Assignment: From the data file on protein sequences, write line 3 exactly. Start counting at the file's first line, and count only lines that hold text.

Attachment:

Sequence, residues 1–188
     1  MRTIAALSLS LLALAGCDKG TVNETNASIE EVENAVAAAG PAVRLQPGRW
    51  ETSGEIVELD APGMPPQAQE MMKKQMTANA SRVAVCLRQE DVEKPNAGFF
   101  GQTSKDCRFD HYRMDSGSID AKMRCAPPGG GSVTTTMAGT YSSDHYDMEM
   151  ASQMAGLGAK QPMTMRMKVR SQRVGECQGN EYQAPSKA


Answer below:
    51  ETSGEIVELD APGMPPQAQE MMKKQMTANA SRVAVCLRQE DVEKPNAGFF